Dear mom who is afraid to leave her house,
If it’s because of your special needs child- I can understand.
If it’s because of a fear of judgement- I can understand.
If it’s because of a feeling of helplessness – I can understand.
If it’s because of your own anxiety – I can understand.
If it’s because of your own depression- I can understand.
You see, I may not have been in your exact situation, but I can relate. Because I have been there.
Because, at one point, I was the mom who was so wrapped up in nerves. I hated the thought of leaving the house. I didn’t want to deal with people at all.
To be fair, there are some days that I still don’t want to deal with people but it has nothing to do with my anxiety or depression.
Why was I afraid to leave my house?
I had a very small social circle. I was already a teenage mom (my oldest was born when I was 16 and Sweet B was born when I was 19). So, you could say, I never had that typical wild youth. In fact, my days of partying hard were more like dancing to the Wiggles.
Still, I wouldn’t have traded any of that for the world.
And let me tell you, those Wiggles dances are workouts in and of themselves.
But having a limited social circle, also meant having a limited support network.
I was already ignoring my depression and then Sweet B’s diagnosis just sent everything for a whirlwind.
But I didn’t care.
She was still my daughter, regardless of whatever diagnosis she had received.
Granted, it still took me awhile to deal with everything and I can’t even say that I had great coping skills.
Things may have changed and eventually, we started going places again. It started out small with trips to the local park. Most of the time, we were the only family there.
And I was more than okay with that.
And then we would go out to eat…. and things changed.
Was everyone really staring at us or was it all in my head?
I could feel the curious stares directed at my daughter. I could even sometimes see people talking about her. She was the center of attention whether she wanted it or not. And she was blissfully unaware that people were watching how she was flapping her hands. Or how she rocked back and forth while we waited in line.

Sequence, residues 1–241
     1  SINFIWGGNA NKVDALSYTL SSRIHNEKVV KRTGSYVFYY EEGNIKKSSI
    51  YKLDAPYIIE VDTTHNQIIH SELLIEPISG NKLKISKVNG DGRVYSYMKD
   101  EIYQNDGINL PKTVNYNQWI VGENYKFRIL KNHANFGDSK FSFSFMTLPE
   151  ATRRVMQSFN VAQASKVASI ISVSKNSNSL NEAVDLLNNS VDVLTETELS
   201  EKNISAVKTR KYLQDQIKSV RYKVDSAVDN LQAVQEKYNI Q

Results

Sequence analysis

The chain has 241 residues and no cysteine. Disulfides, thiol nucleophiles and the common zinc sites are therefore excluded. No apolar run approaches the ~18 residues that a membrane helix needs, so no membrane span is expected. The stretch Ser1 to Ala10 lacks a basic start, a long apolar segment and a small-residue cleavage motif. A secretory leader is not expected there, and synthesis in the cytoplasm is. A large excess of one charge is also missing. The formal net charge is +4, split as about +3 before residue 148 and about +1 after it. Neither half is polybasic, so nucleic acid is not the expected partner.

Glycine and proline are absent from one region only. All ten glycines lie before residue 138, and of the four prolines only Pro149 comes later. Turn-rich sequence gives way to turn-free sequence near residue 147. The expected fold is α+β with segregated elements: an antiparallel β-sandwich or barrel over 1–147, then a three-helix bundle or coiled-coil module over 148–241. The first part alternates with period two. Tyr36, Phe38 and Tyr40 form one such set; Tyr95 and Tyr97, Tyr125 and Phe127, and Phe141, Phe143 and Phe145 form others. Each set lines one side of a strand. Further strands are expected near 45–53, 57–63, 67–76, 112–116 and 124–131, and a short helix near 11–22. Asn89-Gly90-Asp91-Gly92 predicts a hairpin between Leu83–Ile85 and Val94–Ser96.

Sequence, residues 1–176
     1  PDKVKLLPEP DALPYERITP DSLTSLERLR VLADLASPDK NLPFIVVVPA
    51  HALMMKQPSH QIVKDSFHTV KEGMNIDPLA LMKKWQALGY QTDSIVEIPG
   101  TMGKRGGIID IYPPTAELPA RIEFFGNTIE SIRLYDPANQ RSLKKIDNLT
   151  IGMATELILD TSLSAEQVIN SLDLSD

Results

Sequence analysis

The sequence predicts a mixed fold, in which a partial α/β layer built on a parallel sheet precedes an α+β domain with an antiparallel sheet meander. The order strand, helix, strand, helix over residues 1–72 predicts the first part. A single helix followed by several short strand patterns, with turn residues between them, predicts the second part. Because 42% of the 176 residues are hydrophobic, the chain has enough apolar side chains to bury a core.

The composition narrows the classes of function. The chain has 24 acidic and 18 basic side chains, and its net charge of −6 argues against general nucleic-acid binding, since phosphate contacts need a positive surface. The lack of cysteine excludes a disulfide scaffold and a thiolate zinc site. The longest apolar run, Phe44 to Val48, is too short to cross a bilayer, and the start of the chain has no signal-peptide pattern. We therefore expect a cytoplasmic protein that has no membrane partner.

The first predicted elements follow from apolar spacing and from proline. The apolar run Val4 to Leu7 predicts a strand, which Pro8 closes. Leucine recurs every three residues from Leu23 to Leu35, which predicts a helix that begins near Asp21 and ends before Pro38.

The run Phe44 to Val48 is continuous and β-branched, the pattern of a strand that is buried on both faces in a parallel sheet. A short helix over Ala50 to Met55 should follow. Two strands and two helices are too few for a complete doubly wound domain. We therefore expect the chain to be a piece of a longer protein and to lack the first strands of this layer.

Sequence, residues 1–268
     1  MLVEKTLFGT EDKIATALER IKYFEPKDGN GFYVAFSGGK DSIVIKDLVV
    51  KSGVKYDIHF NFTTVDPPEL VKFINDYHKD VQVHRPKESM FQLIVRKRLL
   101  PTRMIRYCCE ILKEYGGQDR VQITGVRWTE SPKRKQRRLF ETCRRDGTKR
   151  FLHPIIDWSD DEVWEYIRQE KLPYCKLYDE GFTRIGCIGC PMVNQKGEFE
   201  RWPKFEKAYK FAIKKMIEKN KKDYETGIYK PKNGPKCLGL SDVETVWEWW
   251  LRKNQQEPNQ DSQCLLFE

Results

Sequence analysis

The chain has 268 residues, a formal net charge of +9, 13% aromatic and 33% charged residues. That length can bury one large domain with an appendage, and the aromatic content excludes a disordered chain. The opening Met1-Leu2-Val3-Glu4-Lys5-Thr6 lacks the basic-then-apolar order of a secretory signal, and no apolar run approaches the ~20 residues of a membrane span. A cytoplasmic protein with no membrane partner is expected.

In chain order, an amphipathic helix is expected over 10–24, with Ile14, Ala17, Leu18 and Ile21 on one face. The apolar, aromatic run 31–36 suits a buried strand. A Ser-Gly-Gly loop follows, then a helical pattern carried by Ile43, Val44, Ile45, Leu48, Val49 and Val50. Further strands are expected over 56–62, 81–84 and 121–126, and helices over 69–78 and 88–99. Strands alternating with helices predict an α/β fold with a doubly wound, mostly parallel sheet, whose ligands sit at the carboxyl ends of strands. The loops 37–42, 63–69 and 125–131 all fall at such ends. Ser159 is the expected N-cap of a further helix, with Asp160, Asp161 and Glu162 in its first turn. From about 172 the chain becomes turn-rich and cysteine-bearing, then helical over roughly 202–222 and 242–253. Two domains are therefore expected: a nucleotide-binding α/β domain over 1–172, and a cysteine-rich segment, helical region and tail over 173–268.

She couldn’t see the questioning looks.
But I did.
I met every inquiring look with a look of my own. Sometimes inviting, sometimes annoyed (depending on how long they had been staring), and sometimes challenging. Almost daring them to say something.
She couldn’t hear the loud whispers.
But I did.
I heard everything that they were saying. I saw them turn their attention from my daughter to me and back again to her. On occasion, I even dealt with their sympathy- telling me with all of the best intent in the world how sorry they were.
And I started to hate it. I started to dread the very thought of going anywhere with her.
Even if it was simple as a walk to the local park.
How we eventually started to self-isolate ourselves
I was starting to become afraid of leaving my house.
Not for fear of judgement.
But because I couldn’t shield her from everything. I couldn’t defend her from everyone. I couldn’t shield her from prying eyes. I couldn’t deflect every question.
I couldn’t protect her. And it became easier to choose self-isolation instead of going outside.
The one thing in the world that I was supposed to do as a mom, and I couldn’t do it.
I was unable to protect her.
But at home, I could keep her safe.
At home, I could change the environment to meet her needs.
At home, she wasn’t subjected to criticizing looks.
At home, there were no whispers of “that poor retarded child” or “can you imagine how that mom must feel”.
At home, she could be as loud as she wanted to be.
At home, she could rock back and forth without bumping into some random person.
At home, I could protect her.
We were safe at home. There was nothing to fear at home.
Until she got out of the safe place and wandered away.
Then nothing was safe. And the world just got that much more challenging to deal with.
Home was supposed to be my sanctuary. Home was supposed to be the safe place. Home was supposed to be where I didn’t have to worry.
Home was not supposed to be yet another place that I was afraid to be.
It wasn’t until later that I finally realized- home was wherever it was meant to be. And I couldn’t be afraid to be there. I made home wherever it was supposed to be. I made home safe again.
And I got over my fear of leaving home with her.
People still stared. People still talked. People will stare. And people will talk.
But I’ve learned to deal with it better. I’ve learned to handle it better. I’ve learned that it’s an opportunity for education. I’ve learned that no matter what I try to do- I cannot always protect her.
But I can be brave for her.
I can stop being afraid to leave my house.
And so can you.
Want more help and advice? Grab my free autism parenting toolkit!
This post is a part of a 12 month long series about parenting a child with special needs. I am honored to participate with these amazing bloggers and hope that their posts will resonate with you as well.
10 Tips for Running Errands with a Special Needs Child | Every Star is Different
7 Tips to Surviving Judgment as the Parent of a Special Needs Child | The Chaos and The Clutter
Dear Mom at the Park | This Outnumbered Mama
How to Teach Kids the Social Skill of Think it or Say it | And Next Comes L
Dear Mom Who Is Afraid to Leave Her House | Kori at Home
Navigating the Store with a Child with Sensory or Anxiety Issues | The Chaos and The Clutter
How to Help a Mom When Her Child Suffers a Public Meltdown I Finding the Golden Gleam